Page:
Even though the fancy side of Tokyo receives more international attention, prices actually range the entire spectrum so there are plenty of affordable options for students:
Transportation in Tokyo is efficient and convenient, the multiple overlapping train and metro systems means that you’ll be able to get to most places conveniently. It might take a bit of time getting used to initially but since punctuality is so important in Japan, there are many smartphone applications that provide details of alternative routes to get from A to B – including information on how much tickets costs, approximate walking time and walking diatance.
Even though you may need to change stations often, the PASMO or Suica card (a rechargeable card much like the Oyster or Octopus card) eliminates the need to buy multiple tickets – you can even use it to pay for small purchases in convenience stores and coffee shops.
Transport in Tokyo isn’t cheap – a 5 stop or 20 minute ride on JR is around JPY200 one way. As a student, you’ll be eligible for a discount (10%?) for the fixed route from the station closest from your home to the university. If you live close enough, cycling is another option you could consider – you’ll be able to buy basic second hand bikes for less than JPY10,000.
Tokyo is generally safe with low crime rates. There are also many neighbourhood police boxes (mini police stations) near busy roads or stations with police officers on standby 24 hours in case you need to report a crime, accident or other emergency.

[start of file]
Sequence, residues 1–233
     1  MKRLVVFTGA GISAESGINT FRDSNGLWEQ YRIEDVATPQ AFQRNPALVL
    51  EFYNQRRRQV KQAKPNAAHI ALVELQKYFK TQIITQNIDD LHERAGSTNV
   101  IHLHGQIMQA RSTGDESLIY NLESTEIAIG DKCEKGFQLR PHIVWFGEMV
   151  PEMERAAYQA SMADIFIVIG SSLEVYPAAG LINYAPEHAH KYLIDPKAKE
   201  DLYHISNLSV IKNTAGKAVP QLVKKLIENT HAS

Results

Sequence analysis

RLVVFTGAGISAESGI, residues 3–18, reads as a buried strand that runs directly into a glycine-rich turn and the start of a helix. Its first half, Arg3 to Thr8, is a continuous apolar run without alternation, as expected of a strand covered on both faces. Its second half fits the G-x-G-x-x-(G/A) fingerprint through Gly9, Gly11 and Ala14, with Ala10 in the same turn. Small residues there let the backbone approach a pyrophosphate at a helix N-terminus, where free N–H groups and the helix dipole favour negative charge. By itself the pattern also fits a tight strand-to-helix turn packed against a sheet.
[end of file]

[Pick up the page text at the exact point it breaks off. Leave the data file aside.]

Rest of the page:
Since the 311 Tohoku earthquake, Japan has been vigilant regarding all matters related to earthquakes and tsunamis. The Japan Meteorological Agency releases information on any possible events, small or large, on a daily basis.
There’s a lot of variety in Japanese cuisine; ranging from sushi, noodles, curries, grilled meats and other main dishes that are eaten with rice. The typical Japanese diet is very healthy and relatively low in saturated fats – it mainly comprises of grains or noodles, fish and vegetables.
If you have a craving for food from your home country, there’s a big chance there will be a restaurant that serves the food you are looking for or a super supermarket that sells the ingredients – though it might more expensive than local produce and ingredients. There are also supermarkets and restaurants that serve or sell halal and vegan produce and products.
It is recommended that students learn a bit of Japanese before coming to Japan as many people do not speak foreign languages well and not all areas / places are foreigner friendly.
UTokyo offers many ways for students to improve Japanese after arrival. The Centre for Japanese Language Education (http://www.nkc.u-tokyo.ac.jp/index_e.html) offers general and intensive course for students at all levels of Japanese proficiency. There are also language exchange and language partner programs that enrolled students can join.